How to make your retro consoles cool again

Remember that old, 2008 Nintendo Wii console that has been rotting in your basement for the past several years, slowly collecting dust and not doing anything? Or maybe that Nintendo Entertainment System and PS1 that your dad kept in a box, expecting it to never be used again? Well, there’s a way you can make them cool again in 2024.

Through a process called “modding,” you can modify, customize, and renovate your old, useless hunks of electronic plastic into a safe of all the retro games you’ve ever wanted to play, but could never access. As a part of the modding community, I can say that it is one of the most fun communities to join. I enjoy spending my time customizing my Nintendo Wii and New 3DS XL, which are incredible consoles now, despite the obvious graphics and processing difference. The nice thing about these types of consoles is that there are no ads, pay-to-win games, and there are way more original games than there are in modern video game consoles.

Some games I enjoy playing on the Wii would have to be Mario Kart (obviously), Rhythm Heaven Fever, and Phoenix Wright: Ace Attorney. Because all of those games aren’t being produced on discs anymore, the modding community has preserved these games on accessible websites that are monitored by a group of moderators. All sorts of games, going as far back as the very first 1972 Magnavox Odyssey to PSVITA games have been preserved for use by anyone who wants to experience nostalgia through retro games.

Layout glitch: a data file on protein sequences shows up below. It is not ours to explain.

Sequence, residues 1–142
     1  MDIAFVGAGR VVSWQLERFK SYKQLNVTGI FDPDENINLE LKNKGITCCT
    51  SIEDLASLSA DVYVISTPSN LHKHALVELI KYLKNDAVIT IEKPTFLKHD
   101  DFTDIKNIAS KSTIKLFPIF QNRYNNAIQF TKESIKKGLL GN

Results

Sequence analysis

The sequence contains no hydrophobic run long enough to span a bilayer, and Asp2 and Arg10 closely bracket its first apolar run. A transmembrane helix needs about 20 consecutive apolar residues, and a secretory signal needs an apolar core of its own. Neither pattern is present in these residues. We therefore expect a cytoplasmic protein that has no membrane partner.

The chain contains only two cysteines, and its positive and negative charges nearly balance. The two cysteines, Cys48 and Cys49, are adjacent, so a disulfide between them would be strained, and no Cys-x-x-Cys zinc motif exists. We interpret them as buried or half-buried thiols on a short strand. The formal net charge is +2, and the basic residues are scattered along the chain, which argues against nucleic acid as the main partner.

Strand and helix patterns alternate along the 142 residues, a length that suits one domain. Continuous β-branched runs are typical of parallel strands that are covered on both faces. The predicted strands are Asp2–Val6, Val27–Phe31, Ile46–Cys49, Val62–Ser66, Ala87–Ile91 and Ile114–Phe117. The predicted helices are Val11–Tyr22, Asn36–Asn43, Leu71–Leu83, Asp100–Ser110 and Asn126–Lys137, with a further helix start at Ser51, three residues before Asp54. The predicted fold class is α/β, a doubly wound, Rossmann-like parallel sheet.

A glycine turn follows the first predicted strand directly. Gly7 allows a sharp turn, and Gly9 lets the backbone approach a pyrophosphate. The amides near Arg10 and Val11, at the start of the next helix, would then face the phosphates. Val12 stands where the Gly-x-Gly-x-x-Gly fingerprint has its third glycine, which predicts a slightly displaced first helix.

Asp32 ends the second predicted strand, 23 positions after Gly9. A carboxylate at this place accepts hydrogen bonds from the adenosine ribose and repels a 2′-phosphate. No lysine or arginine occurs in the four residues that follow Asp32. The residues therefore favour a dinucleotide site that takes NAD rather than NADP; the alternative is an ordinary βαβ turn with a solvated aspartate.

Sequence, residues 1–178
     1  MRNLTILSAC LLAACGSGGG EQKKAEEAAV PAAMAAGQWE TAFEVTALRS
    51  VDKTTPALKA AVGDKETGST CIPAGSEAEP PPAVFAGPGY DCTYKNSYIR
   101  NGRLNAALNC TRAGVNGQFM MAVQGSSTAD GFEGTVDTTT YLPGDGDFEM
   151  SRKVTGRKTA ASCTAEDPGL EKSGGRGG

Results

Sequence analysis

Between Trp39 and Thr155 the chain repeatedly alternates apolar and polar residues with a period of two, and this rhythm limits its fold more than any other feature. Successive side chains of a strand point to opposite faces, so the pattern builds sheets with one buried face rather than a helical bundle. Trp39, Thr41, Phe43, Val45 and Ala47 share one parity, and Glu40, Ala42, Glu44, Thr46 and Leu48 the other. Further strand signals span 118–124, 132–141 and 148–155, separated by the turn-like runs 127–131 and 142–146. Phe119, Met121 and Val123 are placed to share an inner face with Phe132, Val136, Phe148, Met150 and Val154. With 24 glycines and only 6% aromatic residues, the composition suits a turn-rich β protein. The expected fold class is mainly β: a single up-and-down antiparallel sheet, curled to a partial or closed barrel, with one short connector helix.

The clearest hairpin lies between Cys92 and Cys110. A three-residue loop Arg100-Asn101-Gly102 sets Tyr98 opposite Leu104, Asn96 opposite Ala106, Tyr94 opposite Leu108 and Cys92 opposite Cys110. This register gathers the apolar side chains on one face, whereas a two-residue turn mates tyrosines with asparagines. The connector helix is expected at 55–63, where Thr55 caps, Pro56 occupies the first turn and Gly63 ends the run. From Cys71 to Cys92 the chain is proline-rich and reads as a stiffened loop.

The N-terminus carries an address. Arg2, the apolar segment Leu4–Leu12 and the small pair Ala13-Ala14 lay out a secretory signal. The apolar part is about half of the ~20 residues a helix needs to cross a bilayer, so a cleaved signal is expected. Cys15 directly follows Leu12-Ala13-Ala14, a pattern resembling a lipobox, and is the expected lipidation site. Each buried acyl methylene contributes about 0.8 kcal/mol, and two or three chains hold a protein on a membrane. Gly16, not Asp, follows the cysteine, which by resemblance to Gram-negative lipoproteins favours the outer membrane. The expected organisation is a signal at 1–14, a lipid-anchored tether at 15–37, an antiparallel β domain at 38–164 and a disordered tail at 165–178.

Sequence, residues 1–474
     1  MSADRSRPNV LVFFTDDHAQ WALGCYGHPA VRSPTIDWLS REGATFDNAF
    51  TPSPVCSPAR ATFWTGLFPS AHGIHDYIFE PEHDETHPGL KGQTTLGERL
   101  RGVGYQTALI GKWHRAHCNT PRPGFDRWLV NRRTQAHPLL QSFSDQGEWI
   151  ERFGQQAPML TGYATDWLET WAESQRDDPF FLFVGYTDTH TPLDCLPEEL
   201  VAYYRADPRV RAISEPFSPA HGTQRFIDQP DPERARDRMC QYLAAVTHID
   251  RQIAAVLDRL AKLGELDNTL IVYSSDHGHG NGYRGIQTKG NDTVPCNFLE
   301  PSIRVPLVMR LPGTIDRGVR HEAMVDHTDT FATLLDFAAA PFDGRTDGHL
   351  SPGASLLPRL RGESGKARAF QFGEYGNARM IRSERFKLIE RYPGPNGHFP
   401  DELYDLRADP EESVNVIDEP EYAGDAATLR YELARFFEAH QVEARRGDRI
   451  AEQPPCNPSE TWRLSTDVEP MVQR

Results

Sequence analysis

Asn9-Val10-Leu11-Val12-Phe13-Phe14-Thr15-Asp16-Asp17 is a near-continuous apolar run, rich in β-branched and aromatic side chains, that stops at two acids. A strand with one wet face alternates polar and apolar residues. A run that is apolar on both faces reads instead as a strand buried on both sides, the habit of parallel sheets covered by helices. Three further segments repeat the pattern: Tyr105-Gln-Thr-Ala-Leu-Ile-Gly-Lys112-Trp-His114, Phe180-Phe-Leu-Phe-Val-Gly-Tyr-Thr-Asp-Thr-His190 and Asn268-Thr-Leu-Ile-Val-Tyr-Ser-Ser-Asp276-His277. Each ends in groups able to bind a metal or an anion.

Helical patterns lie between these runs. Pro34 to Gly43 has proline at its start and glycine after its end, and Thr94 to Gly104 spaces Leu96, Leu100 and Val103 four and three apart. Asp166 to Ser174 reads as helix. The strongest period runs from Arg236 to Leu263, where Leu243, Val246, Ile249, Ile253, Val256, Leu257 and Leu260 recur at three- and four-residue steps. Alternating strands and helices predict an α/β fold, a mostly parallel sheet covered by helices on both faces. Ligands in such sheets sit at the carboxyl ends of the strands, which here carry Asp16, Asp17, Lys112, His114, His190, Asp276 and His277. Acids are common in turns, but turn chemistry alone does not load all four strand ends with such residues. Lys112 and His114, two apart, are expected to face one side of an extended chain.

If you know you have a retro console somewhere, the first thing you should check is if it has all the wires it needs, and if the wires are damaged. For more fragile systems like the PS1, having a broken wire could completely short out your system, before it’s even turned on. If you’re planning on modding it, make sure to research extensively, as some guides are outdated and may break your console. Also, check if you have any disc games; a lot of these can be sold online for big bucks.

If instead you just want to get rid of it, I suggest either selling it on Ebay or to me. Collecting these are a really fun hobby and I recommend joining the modding community, if you’re interested. It’s time consuming, trial-and-error, needs some brainpower, but is also fun to troubleshoot. Just sitting down for a while and working on something little by little is a great activity for anyone looking for a new, unique hobby.